Family Traditions

One of the rituals my family has always shared at Thanksgiving is for each person to read aloud a passage from something we especially liked over the last year (or, when I was a kid, that we found in some book that very day). Tempted though I am this year to read passages from some of Obama's campaign speeches, instead I am going to share a passage from a book I'm currently reading to which I particularly relate:
"To write, I have decided, is to be insane. In ordinary life you look sane, act sane --- just as sane as any mother of [young] children. But once you start to write, you are moonstruck, out of your senses. As you stare hard inward, following behind your eyes the images of invisible places, of people, of events, and listening hard inward to silent voices and unspoken conversations --- as you are seeing the story, hearing it, feeling it --- your very skin becomes permeable, not a boundary, and you enter the place of your writing and live inside the people who live there. You think and say incredible things. You even love other people --- [nearly as fully and deeply as you love your own children and your husband].* And here is the interesting thing to me: when this happens, you often learn something, understand something, that can transcend the words on the paper." in the words of the character Charlotte Bridger Drummond from WILD LIFE by Molly Gloss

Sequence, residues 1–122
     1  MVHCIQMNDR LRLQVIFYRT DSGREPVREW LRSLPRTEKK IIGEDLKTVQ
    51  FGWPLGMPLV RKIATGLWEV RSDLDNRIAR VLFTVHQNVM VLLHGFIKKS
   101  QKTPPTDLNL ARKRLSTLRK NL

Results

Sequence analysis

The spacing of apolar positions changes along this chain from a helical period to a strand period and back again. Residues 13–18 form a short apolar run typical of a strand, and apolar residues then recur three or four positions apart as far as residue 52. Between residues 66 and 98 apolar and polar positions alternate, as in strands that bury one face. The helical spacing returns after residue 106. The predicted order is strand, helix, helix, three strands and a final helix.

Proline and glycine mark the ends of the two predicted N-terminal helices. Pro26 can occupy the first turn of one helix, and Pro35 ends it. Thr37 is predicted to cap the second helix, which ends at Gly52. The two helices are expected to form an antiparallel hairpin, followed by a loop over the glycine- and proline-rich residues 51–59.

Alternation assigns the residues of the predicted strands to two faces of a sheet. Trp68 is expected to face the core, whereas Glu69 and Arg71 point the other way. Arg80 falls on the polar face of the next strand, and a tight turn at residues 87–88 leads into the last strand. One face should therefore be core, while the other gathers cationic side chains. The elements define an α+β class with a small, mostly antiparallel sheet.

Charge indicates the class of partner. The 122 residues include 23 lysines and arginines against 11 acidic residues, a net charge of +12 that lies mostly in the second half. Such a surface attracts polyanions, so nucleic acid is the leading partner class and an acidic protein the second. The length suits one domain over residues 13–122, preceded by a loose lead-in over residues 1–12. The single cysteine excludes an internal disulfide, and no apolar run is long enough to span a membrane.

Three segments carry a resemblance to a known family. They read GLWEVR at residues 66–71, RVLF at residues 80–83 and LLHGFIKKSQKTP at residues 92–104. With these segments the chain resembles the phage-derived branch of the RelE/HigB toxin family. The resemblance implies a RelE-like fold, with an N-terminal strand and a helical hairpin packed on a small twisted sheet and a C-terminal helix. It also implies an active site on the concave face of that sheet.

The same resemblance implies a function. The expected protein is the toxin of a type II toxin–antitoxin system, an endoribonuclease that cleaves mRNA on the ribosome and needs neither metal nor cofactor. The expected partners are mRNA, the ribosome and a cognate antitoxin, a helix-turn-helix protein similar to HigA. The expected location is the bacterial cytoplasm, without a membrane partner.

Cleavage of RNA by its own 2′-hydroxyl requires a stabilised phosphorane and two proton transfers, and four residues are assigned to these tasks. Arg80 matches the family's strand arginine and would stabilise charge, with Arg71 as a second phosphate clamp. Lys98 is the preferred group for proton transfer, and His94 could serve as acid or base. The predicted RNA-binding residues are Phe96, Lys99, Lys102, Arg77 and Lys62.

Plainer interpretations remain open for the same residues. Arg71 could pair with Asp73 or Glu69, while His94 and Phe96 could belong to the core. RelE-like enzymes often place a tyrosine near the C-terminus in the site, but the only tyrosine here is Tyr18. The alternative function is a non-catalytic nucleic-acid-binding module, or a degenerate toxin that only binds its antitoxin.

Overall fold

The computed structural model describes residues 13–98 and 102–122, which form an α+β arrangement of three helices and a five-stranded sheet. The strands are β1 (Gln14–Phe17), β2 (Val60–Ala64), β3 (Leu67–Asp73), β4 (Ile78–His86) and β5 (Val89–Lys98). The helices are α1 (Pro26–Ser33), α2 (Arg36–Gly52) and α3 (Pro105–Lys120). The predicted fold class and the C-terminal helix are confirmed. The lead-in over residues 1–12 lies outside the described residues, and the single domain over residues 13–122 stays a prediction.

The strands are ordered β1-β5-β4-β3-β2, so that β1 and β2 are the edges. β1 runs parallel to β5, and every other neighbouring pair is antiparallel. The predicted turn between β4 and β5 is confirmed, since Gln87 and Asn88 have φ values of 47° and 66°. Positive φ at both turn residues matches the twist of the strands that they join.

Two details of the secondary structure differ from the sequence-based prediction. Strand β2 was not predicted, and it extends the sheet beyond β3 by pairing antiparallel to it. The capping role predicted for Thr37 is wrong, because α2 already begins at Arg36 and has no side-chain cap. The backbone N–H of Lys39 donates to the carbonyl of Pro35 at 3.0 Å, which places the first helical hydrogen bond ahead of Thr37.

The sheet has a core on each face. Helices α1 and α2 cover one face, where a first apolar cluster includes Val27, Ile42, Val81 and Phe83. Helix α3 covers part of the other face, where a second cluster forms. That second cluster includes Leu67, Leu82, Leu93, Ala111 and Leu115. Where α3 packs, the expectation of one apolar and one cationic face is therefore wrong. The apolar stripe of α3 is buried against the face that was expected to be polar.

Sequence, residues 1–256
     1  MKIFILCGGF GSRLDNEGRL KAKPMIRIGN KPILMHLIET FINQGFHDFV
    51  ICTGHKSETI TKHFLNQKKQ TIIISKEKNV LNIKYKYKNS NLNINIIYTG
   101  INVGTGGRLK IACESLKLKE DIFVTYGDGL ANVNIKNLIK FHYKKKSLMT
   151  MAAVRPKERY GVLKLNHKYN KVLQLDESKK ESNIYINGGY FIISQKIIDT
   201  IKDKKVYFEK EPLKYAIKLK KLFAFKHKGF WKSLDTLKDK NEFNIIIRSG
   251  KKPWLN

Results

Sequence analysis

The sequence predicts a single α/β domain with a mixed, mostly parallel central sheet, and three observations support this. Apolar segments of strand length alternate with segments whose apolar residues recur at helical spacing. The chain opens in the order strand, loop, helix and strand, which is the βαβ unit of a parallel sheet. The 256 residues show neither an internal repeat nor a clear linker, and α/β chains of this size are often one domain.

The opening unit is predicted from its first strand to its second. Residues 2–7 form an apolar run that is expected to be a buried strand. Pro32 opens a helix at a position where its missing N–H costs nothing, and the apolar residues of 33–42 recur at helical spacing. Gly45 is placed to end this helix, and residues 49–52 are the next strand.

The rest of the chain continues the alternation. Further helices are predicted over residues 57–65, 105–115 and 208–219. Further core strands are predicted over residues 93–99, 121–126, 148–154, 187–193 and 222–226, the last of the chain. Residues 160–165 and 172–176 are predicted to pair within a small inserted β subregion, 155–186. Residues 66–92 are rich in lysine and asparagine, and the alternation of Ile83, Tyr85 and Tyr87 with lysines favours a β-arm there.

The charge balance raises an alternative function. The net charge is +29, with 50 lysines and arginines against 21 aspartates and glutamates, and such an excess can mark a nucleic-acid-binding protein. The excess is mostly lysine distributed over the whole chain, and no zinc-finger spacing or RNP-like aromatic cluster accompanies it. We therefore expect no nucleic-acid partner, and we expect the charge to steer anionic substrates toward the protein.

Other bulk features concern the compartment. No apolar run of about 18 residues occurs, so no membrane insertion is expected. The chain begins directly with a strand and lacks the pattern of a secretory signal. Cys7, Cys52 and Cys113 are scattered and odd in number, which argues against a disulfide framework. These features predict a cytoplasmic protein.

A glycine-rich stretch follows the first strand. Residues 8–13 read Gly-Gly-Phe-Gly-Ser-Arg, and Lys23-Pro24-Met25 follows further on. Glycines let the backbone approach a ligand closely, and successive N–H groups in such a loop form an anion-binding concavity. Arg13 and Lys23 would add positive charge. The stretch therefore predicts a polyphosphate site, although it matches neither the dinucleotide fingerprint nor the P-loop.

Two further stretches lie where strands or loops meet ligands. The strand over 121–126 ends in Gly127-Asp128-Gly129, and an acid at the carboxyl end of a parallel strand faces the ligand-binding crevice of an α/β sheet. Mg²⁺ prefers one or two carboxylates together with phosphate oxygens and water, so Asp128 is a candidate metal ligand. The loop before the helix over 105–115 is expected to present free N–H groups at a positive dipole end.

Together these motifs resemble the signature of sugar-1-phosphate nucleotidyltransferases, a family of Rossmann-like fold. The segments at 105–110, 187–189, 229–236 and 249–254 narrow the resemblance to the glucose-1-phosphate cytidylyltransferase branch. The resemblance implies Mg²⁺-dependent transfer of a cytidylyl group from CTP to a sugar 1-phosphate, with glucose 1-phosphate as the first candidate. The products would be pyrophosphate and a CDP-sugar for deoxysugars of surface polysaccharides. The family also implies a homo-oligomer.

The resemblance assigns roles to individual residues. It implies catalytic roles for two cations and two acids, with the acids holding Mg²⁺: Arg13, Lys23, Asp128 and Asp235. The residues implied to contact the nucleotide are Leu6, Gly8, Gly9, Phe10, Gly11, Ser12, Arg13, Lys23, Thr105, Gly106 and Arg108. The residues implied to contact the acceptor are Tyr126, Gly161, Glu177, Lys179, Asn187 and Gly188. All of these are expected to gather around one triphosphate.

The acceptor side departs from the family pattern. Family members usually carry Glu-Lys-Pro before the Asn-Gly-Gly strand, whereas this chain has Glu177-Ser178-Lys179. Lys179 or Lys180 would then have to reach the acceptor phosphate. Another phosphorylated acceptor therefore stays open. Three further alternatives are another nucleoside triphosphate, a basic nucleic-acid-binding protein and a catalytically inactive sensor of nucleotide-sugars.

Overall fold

In a spirit of Thanksgiving for the community of writers, artists, and mothers who find each other by whatever means they do and thus discover their kinship to people with whom they share no blood ties, I give thanks for you, fellow-bloggers/readers.

Happy Thanksgiving.

If by any chance, you decide to join in this tradition and post a passage from something you've read (or written) in the past year that is particularly meaningful to you at your website, please let me know. I'd love to read it.

*The actual wording of this passage in the book is "--- you don't love your children or husband at all." I am altering it to be truer to my own experience.

1 comment:

  1. That's a brilliant passage, and the sentiment of this post is bang on. There is a real community feel to the blogosphere.


    PS I'd play this game too, but one blog is not enough. I love to quote! We'd be here all day